“I lived all of my life in North Carolina, but when my arm started turning blue in the winter, it was time to move South.
I was born with just one hand. I taught seventh grade, and when students asked what happened to my arm, I pretended to be surprised my hand wasn’t there. It was a running joke
I was a counselor for the last seven years of my career in a low socioeconomic community with one of the highest crime rates in the city. Kids told me their stories, looked at my arm, and knew I understood them. My missing hand helps me have a connection with people going through hard times.
Seeing the world was my dream, and I traveled to 34 countries. I went to Pakistan for a summer and saw a group of people called The Untouchables who are at the bottom of society. I paid attention and tried to understand, but there is nothing fair about the caste system. A friend once said, ‘Fair only comes around in October.’
The homeless are our Untouchables. Most of them have lost their families or have been rejected by the people around them. My whole life has been looking out for others, it was once students and now it is the homeless. My purpose is always serving and giving back.”
“I am from Pittsburgh, PA. My family on both sides worked in the steel mill. My great, great grandfather helped Andrew Carnegie start Carnegie Steel, which turned into U.S. Steel. Carnegie brought my grandfather over from Scotland and put him through college.
My dad came from the Black Forest of Germany. He was a steel worker and an alcoholic. We lived in the suburbs, but it was a troubled life dealing with my dad’s drinking. He couldn’t hold a job for long, so we moved around. Moving disrupted my learning, but I wasn’t very interested in school.
I dropped out of school in the 11th grade. A street preacher shared the gospel with me and turned my life around. I went to summer school, finished 12th grade, and graduated from a Bible college in Lakeland, Florida.
I was a pastor, but developing software applications and programming fed my family. I discovered south Alabama when I designed an association management system that was used by the Board of Realtors in Baldwin County.
About eight years ago, I was suicidal. My first wife had left me for someone else, and I had a lot of pain suppressed from my youth. Every time something bad happened, I moved on without dealing with it. I served on two church planting teams and looked fine on the outside. To be a Christian man was to be strong, it was Jesus and John Wayne. That left no room to address what was happening inside. But pain doesn’t disappear, it builds up like the layers of an onion, and I drank to get through.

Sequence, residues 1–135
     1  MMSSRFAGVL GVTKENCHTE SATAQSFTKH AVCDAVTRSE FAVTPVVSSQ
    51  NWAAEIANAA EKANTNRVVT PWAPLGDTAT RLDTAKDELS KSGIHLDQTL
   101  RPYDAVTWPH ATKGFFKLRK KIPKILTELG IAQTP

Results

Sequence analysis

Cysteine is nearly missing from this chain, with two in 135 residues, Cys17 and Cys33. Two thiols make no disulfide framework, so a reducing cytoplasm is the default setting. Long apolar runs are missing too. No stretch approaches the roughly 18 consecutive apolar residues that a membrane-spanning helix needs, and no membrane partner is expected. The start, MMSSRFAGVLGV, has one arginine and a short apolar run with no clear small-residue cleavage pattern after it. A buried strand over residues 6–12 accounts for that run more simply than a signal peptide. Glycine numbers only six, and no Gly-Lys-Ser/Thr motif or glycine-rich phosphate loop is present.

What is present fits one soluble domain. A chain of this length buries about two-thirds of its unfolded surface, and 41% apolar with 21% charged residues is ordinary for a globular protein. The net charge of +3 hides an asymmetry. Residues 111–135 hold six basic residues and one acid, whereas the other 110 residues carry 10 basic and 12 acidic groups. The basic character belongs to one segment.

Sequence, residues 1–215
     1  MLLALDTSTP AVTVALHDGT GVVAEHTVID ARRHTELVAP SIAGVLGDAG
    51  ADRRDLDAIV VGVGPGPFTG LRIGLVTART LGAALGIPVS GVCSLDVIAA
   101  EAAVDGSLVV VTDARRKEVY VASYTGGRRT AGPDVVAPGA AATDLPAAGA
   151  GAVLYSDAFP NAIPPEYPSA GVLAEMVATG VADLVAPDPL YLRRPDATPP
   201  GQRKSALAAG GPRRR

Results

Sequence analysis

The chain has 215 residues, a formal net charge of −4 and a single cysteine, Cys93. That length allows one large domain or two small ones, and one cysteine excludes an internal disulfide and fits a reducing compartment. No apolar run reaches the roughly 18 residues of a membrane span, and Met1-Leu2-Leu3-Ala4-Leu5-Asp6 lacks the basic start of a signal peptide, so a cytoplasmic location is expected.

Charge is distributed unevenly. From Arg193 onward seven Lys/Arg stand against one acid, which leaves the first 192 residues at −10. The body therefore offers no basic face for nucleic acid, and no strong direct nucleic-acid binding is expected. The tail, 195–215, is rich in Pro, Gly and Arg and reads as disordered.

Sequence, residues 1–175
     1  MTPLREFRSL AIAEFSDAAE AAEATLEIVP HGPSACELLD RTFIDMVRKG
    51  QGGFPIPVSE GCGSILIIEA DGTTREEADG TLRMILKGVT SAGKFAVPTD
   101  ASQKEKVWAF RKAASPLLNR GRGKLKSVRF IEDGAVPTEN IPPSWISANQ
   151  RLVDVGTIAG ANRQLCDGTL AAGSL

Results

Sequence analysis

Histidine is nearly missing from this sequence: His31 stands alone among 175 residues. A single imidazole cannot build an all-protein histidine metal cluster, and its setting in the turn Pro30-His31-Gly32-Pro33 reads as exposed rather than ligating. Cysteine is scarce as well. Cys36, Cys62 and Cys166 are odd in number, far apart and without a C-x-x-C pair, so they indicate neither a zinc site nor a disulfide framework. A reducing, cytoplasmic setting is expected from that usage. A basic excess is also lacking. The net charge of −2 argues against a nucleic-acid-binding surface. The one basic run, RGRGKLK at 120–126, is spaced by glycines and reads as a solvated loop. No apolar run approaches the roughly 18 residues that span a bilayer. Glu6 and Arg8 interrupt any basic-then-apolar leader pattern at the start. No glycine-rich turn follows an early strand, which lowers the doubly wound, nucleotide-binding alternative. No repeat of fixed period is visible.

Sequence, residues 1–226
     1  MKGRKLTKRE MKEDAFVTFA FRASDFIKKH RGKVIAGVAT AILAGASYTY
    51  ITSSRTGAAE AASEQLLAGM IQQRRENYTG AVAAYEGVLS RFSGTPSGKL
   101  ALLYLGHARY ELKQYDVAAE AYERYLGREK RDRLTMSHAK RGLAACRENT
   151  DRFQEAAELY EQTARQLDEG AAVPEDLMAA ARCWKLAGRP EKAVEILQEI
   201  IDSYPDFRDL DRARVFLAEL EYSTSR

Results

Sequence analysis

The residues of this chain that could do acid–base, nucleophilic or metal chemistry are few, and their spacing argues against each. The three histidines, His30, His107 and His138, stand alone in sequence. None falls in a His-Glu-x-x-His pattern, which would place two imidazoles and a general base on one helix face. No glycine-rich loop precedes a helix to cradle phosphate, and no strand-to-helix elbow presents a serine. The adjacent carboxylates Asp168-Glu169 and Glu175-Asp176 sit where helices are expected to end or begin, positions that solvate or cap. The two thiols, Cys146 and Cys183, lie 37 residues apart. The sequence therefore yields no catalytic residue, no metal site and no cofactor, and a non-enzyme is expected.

I didn’t realize until I was in recovery that I had to face my pain. I learned how to reconcile and forgive.
Done with marriage, I was happy writing books in my minimalist home. Then I met Reba, and we both loved dancing and music. We married six years ago.
Reba is a Democrat, and I am an evangelical Republican, but we find common ground in loving people. Reba helps me see other sides. The more we talk things over, the more we agree.
We picked Mobile to start over together and moved here in 2019. COVID shut down our travel plans, so we explored our new community. Central Presbyterian Church had a jazz concert in their parking lot, and we went to dance. That led to volunteering at Central’s food pantry and leading their homeless outreach.
Reba and I believe in street-level ministry and jumped in. Soon after that, a Mobile City Councilman tried to push the homeless from their camps. It wasn’t right and there needs to be a solution in Mobile without going to that extreme. We realized help for homelessness comes at the grassroots from people who care, not the government.
Reba and I started Driftwood Housing to build micro houses in Mobile with the goal of getting people off the streets long term and providing the services, accountability and encouragement they need right there.
Driftwood Village will be 30 mini shotgun houses with front porches built by volunteer and student groups. Our first step is securing 10 acres, then the village will be built in four phases over four years. We already have sponsors for several houses.
We will also provide help for internal issues. I call us lost coins. A coin doesn’t know it is lost. When I was suicidal, I lost my way and needed someone to help me navigate back. If someone is hungry, angry, lonely or tired, we will meet them where they are and help them to better places. We will help them find their purpose.
The name Driftwood Housing came while Reba and I were walking on the beach and talking about the homeless. I picked up a piece of driftwood and said here’s our symbol. Driftwood is moved by the forces outside of itself until someone picks it up. We are called to lift up others around us.
In the meantime, someone generously offered a warehouse to provide shelter for the homeless on cold nights, and groups bring in hot meals. We will have a Thanksgiving Table family feast there on Thanksgiving Day. Volunteers will pick up our guests around the city and return them to where they bed down. Reba and I will deliver Thanksgiving meals to those who can’t come.
It’s amazing what we accomplish when we all get along. It’s like Kenny Chesneys song ‘Get Along’ tells us: paint a wall, learn to dance, and make a friend.
‘We ain’t perfect but we try. Get along while we can. Always give love the upper hand’.”
Reba and Dale’s story is a part of a series about the Weavers—people stitching our communities together, solving problems, and showing how to care for our neighbors. Send a message to Our Southern Souls to nominate a Weaver from your community to be featured on Souls.